Veteran politician Murli Manohar Joshi, of the BJP, talks to Panini Anand about the CAG report on the coal scam and the role of the public accounts committee (PAC) of Parliament, which he heads. Excerpts:
Do you think your party, the BJP, did not show faith in the PAC you head by disrupting Parliament throughout the monsoon session?
The PAC is an important committee of Parliament. The disruption happened because the PM and his party started questioning the CAG report—even suggesting that the CAG had malafide intentions, even before the PAC could get the CAG report and respond to it. The government should have appealed to the Opposition to set the matter before the PAC and wait for its response. Ideally, the government and the Opposition should have faith in the CAG, the PAC and Parliament. Today, it seems neither the government nor the Opposition has faith in the functioning of Parliament.
Don’t you think the logjam has damaged the BJP’s image?
In a sense, I’d like to agree with that. But I think it’s because of an unfortunate lack of understanding—even among the MPs—about the role of the PAC.
The Centre and some state governments led by your party have criticised the CAG. What about the accountability of CAG?
If you have a problem, you must have a discussion. You can say the CAG should be selected thus, it should be a multi-body CAG—but please come with proposals at least. Why are you demoralising a constitutional institution? Right now, I don’t want to pass judgement on the CAG report—I’ll do that only after the PAC completes its work on it. If you think the CAG is guilty, impeach him, but don’t harm a democratic institution.
So you have full faith in the CAG?
Why not? In the last three years and more, I have seen many cases in the PAC and I’ve found the CAG fair enough. If you think an individual is doing wrong, impeach him. But a very damaging game has been played—that of defaming democratic and constitutional institutions.
Some people have asked why the BJP didn’t raise objections when the allocations were being made.
This was because the government said the coal-block allocations were meant to generate power, to boost industry. But let me ask, who asked you not to follow proper procedure during allocations?
Your view on auctioning of natural resources?
The basic principle is that natural resources are the property of the nation. They must not be monopolised by this group or that. Imagine a situation in which one group controls natural resources, another the communications sector and so on. See how many crores of rupees such groups pay political parties. In the 2G case, we have seen how one group wanted X as telecom minister and another wanted Y. Is this a democracy? I would call it a ‘corporate-o-cracy’.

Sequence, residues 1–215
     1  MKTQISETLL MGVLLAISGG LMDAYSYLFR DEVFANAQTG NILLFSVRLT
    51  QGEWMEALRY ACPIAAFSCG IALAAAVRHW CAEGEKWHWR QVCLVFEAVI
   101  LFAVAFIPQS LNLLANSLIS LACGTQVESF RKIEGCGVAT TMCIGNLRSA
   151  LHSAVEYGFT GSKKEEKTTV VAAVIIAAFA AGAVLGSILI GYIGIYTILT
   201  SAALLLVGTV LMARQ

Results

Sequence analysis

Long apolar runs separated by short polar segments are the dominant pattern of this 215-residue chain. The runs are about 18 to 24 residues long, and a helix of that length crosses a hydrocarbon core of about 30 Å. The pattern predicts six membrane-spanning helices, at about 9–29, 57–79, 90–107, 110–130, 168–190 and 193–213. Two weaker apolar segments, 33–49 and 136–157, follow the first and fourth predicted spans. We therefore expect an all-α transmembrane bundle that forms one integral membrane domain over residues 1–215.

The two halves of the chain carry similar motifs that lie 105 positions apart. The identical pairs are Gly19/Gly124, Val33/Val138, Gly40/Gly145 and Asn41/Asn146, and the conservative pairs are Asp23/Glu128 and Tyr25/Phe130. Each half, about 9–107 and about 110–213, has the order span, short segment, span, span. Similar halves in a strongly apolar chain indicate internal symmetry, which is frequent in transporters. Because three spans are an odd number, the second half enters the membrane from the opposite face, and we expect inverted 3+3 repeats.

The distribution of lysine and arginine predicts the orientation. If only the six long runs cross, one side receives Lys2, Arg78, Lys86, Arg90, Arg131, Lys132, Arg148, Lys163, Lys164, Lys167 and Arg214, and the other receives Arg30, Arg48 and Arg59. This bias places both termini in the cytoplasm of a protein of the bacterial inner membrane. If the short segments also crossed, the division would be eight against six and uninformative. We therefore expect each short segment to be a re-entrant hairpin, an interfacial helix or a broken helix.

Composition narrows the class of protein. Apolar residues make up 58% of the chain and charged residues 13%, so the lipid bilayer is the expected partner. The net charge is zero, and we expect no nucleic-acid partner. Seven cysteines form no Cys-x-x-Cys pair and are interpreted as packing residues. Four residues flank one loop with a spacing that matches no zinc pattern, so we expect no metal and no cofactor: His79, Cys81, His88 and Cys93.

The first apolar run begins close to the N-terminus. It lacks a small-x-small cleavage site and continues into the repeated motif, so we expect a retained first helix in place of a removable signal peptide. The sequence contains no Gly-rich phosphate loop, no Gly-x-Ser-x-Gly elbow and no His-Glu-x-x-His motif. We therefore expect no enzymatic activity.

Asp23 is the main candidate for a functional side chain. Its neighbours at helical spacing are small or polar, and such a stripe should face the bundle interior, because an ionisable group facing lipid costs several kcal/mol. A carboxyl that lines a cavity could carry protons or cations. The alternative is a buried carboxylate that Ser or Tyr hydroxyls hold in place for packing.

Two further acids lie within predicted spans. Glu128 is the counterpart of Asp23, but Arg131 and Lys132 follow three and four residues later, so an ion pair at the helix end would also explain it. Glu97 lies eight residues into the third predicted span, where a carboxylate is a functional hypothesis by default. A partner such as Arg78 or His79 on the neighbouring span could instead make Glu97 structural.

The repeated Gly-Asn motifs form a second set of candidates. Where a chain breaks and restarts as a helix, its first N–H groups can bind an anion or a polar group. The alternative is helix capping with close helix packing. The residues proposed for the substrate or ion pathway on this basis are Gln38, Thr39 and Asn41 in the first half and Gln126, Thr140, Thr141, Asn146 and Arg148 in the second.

Your party MPs threatened to resign during the session. Was that the right approach?
I don’t know where that came from. Quite certainly, resigning or not resigning is not the main issue. How does it improve the situation?
Whatever Murli Manohar Joshi might say (‘Neither govt nor Opposition seem to have faith in Parliament’), we came to know about the corruption in coal allocation because Arun Jaitley asked for the PM’s resignation in that disrupted session of Parliament. How else would we have known that BJP MPs Hansraj Ahir and Prakash Javadekar had filed a case with the CVC in 2010? If things remain within constitutionally bound bodies, then the truth is likely to be kept hidden.
Jaykumar Mudaliyar, Ahmedabad
If the CAG’s audit reports are not to be given due weightage and bypassed or not checked by the PAC, what’s the use of these institutions and committees?
Parshuram Gautampurkar, Sawai Madhopur, Rajasthan
We have a parliamentary debate so that the members judge the issue being debated on merit and then vote as per their conscience and the declared principles on which they got elected. Such a vote represents the will of the people. But if we, on the basis of the rule of the whip, force members to vote in a particular way, how can that represent the will of the people? Then the debate is only for TV cameras and cannot influence the course of events.
Arun Kumar, London
Corporate-o-cracy. M.M. Joshi might have woken up late to the phenomenon, but he’s coined a great term.